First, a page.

Looking at medium- to long-term inflation expectations of market participants, economists, and households, we can see that the indicators are generally rising, but are still well below the 2 percent target (Chart 11). It should be noted that shorter-term inflation expectations tend to be more volatile. They are expected to exceed 2 percent for fiscal 2014 and 2015, if the temporary impact of the scheduled consumption tax hikes is taken into account. It is estimated that an increase in the consumption tax from 5 to 8 percent in fiscal 2014 would boost inflation by about 2 percentage points for fiscal 2014, and an increase from 8 percent to 10 percent from October 2015 would boost it by about 0.7 percentage point for fiscal 2015. Given these estimates, it appears that the short-term inflation expectations have not yet fully incorporated the impacts of the scheduled tax hikes and other impacts (such as higher import prices, and accommodative monetary policy), as shown in Chart 12. There are only very short-term indicators available on the inflation expectations of firms; however, the DI for expected sales prices for the next quarter, as well as the computed sales price inflation expectations, is now showing a rising trend (Chart 13).
Higher inflation expectations help to lower long-term interest rates in real terms. Depending on the measures undertaken, some indicators show that the real interest rates may have entered negative territory (Chart 14). This creates a more accommodative financial environment. An increase in inflation expectations may also contribute to promoting current consumption and housing investment.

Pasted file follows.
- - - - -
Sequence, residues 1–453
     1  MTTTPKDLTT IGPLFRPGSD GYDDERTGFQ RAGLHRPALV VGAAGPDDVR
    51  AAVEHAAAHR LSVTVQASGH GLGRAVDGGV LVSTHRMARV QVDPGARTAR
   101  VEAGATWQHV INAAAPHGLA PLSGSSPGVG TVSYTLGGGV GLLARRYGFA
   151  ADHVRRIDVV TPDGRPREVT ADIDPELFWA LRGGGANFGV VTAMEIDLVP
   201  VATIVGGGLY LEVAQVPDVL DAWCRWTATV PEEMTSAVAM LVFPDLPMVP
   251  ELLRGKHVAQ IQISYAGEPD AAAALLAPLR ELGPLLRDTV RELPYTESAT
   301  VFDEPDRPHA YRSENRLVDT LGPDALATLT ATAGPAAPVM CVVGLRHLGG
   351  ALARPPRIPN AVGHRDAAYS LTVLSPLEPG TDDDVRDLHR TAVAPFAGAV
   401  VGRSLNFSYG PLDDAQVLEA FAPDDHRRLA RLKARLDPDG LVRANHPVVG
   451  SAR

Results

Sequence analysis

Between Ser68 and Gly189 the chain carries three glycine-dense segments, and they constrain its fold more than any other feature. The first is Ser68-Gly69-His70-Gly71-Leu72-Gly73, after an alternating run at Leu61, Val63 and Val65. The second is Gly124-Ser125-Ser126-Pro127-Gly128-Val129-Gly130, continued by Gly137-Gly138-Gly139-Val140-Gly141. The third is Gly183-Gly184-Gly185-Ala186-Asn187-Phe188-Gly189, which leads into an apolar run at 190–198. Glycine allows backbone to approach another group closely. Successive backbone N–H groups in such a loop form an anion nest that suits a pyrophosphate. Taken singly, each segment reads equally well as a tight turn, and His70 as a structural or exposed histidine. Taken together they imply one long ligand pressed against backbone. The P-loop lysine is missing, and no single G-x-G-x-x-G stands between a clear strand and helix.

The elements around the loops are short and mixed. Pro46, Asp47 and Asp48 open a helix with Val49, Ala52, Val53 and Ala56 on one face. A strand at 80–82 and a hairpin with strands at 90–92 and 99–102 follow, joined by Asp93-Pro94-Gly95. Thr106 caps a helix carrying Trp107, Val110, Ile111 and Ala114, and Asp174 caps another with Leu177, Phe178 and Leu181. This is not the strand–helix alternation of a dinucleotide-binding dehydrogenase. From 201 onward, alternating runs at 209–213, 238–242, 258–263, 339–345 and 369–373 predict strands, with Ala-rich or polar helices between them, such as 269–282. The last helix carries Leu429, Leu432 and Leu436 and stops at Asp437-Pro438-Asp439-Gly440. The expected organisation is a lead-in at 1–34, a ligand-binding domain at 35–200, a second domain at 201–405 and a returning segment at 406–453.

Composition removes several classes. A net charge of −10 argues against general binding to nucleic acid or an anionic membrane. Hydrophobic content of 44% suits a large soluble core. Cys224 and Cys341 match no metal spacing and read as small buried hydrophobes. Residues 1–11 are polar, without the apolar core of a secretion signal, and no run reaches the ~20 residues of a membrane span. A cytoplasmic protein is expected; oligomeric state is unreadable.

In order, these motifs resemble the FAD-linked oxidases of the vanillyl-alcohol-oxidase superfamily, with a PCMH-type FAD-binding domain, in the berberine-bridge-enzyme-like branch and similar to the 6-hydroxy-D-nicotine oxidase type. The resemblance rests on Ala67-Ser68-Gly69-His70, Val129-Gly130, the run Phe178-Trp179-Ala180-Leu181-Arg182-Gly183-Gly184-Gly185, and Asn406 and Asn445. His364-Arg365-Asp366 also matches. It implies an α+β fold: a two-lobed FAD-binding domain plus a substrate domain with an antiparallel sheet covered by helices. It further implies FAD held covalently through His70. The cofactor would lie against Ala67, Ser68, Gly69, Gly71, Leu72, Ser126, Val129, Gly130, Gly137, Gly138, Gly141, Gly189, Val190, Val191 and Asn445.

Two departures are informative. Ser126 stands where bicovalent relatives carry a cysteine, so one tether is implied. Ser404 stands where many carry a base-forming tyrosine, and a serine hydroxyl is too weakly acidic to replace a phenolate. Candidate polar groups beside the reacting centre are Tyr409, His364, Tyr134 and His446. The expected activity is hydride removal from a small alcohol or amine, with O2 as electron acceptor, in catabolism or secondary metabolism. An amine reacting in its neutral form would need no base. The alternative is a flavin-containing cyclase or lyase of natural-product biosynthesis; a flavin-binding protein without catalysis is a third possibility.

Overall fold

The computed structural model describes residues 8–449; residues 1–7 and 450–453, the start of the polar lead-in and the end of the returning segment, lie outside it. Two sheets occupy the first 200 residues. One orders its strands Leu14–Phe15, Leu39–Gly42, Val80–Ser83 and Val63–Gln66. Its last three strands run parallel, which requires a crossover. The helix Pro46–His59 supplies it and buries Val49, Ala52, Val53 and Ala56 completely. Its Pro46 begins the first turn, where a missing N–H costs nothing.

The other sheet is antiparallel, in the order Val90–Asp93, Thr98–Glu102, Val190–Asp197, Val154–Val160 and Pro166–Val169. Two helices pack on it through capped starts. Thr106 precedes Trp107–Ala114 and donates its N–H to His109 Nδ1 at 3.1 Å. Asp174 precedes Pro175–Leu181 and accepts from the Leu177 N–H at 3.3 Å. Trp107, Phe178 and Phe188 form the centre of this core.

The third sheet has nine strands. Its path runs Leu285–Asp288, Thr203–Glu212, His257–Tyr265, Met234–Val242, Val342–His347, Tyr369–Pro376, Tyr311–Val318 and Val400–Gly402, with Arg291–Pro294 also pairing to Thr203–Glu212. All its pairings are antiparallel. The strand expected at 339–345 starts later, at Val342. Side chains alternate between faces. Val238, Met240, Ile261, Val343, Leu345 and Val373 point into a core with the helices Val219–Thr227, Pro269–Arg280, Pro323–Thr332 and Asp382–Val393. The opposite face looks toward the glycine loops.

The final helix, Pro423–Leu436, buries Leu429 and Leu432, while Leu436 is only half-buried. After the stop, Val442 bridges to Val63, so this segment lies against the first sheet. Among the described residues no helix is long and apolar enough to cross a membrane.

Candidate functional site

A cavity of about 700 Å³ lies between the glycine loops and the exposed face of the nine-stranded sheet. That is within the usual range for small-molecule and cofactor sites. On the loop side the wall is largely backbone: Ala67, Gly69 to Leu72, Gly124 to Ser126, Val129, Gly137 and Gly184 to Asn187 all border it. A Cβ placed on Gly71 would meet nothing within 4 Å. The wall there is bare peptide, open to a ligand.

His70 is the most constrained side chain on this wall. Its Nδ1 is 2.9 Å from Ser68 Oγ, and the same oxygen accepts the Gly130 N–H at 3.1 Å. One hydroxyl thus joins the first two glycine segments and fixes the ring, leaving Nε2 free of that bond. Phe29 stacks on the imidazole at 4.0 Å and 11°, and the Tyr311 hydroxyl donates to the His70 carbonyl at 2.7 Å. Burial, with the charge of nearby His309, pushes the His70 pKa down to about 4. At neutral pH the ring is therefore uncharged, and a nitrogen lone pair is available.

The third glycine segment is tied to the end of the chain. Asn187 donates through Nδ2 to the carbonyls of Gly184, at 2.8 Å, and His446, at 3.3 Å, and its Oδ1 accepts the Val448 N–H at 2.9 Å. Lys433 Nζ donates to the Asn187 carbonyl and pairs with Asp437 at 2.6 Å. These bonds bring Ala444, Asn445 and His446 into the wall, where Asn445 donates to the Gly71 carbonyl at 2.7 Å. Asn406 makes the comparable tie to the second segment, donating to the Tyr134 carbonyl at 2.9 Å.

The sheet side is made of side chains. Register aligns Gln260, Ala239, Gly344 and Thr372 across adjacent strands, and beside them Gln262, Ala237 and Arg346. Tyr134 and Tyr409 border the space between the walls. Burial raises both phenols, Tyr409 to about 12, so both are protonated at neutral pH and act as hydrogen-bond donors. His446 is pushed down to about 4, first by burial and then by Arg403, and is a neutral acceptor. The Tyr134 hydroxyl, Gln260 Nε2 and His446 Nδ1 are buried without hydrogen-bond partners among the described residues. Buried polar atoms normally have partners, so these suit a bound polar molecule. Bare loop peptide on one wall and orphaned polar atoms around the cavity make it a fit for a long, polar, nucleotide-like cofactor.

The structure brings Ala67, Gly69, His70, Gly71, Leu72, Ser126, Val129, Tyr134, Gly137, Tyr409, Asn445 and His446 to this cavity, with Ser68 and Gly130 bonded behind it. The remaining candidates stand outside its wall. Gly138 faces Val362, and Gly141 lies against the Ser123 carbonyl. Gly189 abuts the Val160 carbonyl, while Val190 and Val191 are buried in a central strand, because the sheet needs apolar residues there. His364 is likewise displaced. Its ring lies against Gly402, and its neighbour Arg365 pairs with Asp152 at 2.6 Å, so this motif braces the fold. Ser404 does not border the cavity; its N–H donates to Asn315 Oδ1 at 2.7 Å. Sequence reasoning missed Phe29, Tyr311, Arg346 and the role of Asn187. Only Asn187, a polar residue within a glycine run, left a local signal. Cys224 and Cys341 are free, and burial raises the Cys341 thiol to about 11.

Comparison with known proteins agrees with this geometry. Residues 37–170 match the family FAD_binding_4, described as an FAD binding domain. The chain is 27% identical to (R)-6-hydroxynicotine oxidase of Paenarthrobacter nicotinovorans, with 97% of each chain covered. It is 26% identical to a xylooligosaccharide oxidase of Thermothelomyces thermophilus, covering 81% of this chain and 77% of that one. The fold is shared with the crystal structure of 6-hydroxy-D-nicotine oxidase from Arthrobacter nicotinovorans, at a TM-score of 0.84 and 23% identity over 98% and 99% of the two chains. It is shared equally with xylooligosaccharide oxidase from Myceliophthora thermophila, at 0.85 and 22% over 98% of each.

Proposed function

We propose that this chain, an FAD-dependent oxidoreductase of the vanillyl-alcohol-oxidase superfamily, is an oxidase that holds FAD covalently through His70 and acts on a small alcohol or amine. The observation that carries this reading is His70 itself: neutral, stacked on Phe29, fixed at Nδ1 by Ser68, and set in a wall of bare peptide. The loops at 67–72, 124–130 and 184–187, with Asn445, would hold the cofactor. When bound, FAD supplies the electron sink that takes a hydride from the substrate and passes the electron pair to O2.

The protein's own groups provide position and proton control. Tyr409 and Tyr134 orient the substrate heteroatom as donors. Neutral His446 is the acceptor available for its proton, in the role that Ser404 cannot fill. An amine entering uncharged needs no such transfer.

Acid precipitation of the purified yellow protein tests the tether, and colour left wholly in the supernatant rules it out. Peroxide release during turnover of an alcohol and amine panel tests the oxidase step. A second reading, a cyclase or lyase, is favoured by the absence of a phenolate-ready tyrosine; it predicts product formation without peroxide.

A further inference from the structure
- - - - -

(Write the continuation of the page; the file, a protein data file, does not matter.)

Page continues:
According to the Bank's baseline scenario, the year-on-year rate of change in the core CPI is projected to reach around 2 percent -- the price stability target -- toward the latter half of the Bank's projection period (fiscal 2013-2015). Taking the median price forecast of the Policy Board members, the CPI year-on-year rate of change (excluding the impact of the tax hikes) is expected to reach 0.6 percent for fiscal 2013, 1.3 percent for fiscal 2014, and 1.9 percent for fiscal 2015 (Chart 15). The pace of achieving 2 percent depends on the future movement of the Phillips curve, which appears to remain largely flat at this stage (Chart 16). The closer the medium- to long-term inflation expectations are to the 2 percent target, the larger the shift in the curve (Chart 2). Additionally, the faster the pace of changing the deflation mindset of households and the deflation-oriented pricing behavior of firms, the steeper the curve will become (Chart 2). Because it may take some time before the full impact of QQE via these processes materializes, I consider there may be some degree of uncertainty regarding the duration of achieving the 2 percent target.
Gradual Rise in Economic Activity and Outlook
The favorable price developments discussed earlier are associated with positive economic activities. Both consumer and business confidence indicators have shown improvement (Chart 17). The high level of consumer confidence reflects the wealth effects driven by higher stock prices compared with last year and steady improvements in employment. This -- together with a front-loaded increase caused by an expected rise in the consumption tax hike scheduled in April 2014 -- has contributed to a resilient performance in private consumption and housing investment (Chart 18). Moreover, improved business confidence, together with an increase in sales and profits, is likely to expand the business fixed investment further as planned by firms (Chart 19).
The outlook for the economy is consistent with the outlook for increased prices. According to the Bank's baseline scenario, the economy is expected to continue a moderate recovery on the back of the resilience in domestic demand and the pick-up in overseas economies. While the economy is likely to be affected by the front-loaded increase and subsequent decline in demand prior to and after the two scheduled consumption tax hikes, it is expected to continue growing at a pace above its potential growth rate (currently estimated to be about 0.5 percent), as a virtuous cycle of spending, production, and income operates. According to the median of the Policy Board members' forecasts, the real GDP growth rate is expected to be 2.8 percent for fiscal 2013, 1.3 percent for fiscal 2014, and 1.5 percent for fiscal 2015, averaging almost 2 percent (Chart 20).
V. Concluding Remarks